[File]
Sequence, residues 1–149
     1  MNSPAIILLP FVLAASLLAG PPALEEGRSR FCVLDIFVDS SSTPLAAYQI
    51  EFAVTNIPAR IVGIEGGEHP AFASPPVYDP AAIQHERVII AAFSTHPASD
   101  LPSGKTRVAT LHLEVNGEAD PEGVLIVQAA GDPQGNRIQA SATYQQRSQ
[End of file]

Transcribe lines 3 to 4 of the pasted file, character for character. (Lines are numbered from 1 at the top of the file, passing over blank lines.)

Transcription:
    51  EFAVTNIPAR IVGIEGGEHP AFASPPVYDP AAIQHERVII AAFSTHPASD
   101  LPSGKTRVAT LHLEVNGEAD PEGVLIVQAA GDPQGNRIQA SATYQQRSQ